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An alternative sales training strategy

Design thinking skills for in-house consultants

“What if there’s someone on my team who’s just lazy?” – this is a muted question that I am asked at almost every coaching seminar I teach. It asks confidentially, quietly, which proves it sales manager not even convenient to voice the question. I understand – no one wants to accuse someone of laziness.

When I research further to find out why they suspect a person may be lazy, the answer is usually some variation: “Well, they just won’t work to make the changes we ask of them.”

This answer may be true, but perhaps managers are asking these “lazy” employees to make changes in such a way as to ensure that they cannot – or will not – do so.

Here’s a script I’ve seen in countless numbers coaching classesA: The manager and the representative agree on the area of ​​improvement. The manager then says, “From now on, if I listen to your calls or watch them in action, I will see how you do it in 100% of cases.”

100% of the time?

The first problem with his approach is that the ruler asks for the impossible. Which baseball player from the Hall of Fame gets on the plate every time? Even Michael Jordan didn’t execute 100% of his free throws! Even a talented tennis player like Roger Federer has unforced errors. If his coach told him, “So you’ll never make another unforced mistake, right?” It would be unwise. And because it’s unreasonable, he wouldn’t be able to do it because he would know he couldn’t succeed.

If you want people make significant changes, do not ask them to change. Ask them instead try it it is. This way you will achieve a better result.

The best approach

One day I watched Fr. coaching session between the manager and the representative, who did not ask enough questions for the discoveries to find out about the client, instead switched to “dump functions”. The manager tried to get the representative to ask five revelations for each subsequent call. The spokesman muttered, “Sure.”

The manager asked the representative, “Looks like you didn’t like the value of this approach?”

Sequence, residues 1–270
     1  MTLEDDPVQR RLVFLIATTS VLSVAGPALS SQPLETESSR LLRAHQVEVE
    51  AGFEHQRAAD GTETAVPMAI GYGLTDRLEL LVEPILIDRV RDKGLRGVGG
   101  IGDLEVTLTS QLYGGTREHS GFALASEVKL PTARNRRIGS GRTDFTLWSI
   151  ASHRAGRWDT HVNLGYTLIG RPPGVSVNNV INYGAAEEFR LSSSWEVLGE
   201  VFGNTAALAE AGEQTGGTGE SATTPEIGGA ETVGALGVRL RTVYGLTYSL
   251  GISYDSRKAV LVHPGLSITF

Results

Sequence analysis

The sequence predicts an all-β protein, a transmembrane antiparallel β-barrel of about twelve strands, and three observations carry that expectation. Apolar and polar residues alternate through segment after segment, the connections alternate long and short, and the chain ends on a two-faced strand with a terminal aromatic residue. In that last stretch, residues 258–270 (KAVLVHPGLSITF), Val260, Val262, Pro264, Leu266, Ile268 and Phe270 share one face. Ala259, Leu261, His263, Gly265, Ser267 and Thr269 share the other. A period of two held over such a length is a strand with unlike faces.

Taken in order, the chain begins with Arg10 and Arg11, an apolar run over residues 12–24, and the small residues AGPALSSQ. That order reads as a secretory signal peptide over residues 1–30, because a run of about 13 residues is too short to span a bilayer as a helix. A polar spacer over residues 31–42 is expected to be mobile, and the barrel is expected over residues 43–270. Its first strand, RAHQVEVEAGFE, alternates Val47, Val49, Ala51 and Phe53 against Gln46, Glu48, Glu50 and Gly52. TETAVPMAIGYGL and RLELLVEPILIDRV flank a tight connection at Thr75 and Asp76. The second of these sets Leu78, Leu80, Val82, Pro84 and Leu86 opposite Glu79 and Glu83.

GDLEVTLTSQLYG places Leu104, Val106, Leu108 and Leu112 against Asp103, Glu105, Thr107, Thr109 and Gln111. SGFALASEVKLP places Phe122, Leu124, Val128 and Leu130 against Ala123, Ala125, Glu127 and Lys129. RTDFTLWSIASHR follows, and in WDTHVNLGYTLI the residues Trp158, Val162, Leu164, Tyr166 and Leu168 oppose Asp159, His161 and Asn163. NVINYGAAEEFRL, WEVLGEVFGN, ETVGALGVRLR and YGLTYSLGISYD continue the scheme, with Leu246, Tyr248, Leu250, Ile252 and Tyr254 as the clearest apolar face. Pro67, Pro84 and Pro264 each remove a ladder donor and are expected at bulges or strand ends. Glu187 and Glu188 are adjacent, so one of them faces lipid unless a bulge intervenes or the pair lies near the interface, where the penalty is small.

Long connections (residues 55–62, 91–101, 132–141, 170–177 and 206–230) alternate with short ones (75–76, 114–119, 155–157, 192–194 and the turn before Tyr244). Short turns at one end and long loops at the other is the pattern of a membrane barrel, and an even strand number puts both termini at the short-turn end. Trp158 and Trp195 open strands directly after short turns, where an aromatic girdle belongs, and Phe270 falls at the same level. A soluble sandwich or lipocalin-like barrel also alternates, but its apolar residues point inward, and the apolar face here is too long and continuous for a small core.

The representative honestly replied, “I don’t.”

At that moment, the manager turned to me and said, “I don’t know what to do next.” (This is a fair statement; that’s why sales managers need to be instructed how to train: It can be difficult.)

I told the spokesman, “Tell me more about your hesitations.” It turns out he was always successful when he just talked about the product, and he felt that this new approach would “take away his game” – a common concern.

I told him, “I don’t want to take away what works. We are just here to consider whether there is anything that can add to your game. Wouldn’t you like to check it out and see if it works for you? ” This question is easier to ask a representative and he was willing to try.

Why it works

With this approach you do not require the representative to constantly change, so it removes the risk and fear associated with such a sharp shift. Also, most people see the inherent fairness of “trying” or experimenting. It’s hard to say no.

If you try this approach, there are a few things to keep in mind:

    • The correct test is not something that a representative tries once and then declares unsuccessful. The test is something he or she tries 15 to 20 times.
    • To set up the test properly, you both need to be consistent with what it is. Using the example of the discovery question, you can agree on three to five specific discovery questions that your representative will try to use that you know are effective.
    • This test also requires tracking the results. It can be as simple as taking a note of how the client reacted, how the course of the conversation changed due to three to five questions, or whether the client seemed more receptive to the representative’s recommendations later.
    • Finally, the two of you need to contact again to discuss the results. Be sure to discuss what the representative tried, how often he or she tried it and how well it worked.

When I set up the test this way, I was pleased with how often the person comes back and surprised, but excited about how well the new skills or behaviors work and how much it benefits him. If you have team members who don’t seem to dare to change their game and don’t think they’re lazy, try this approach.

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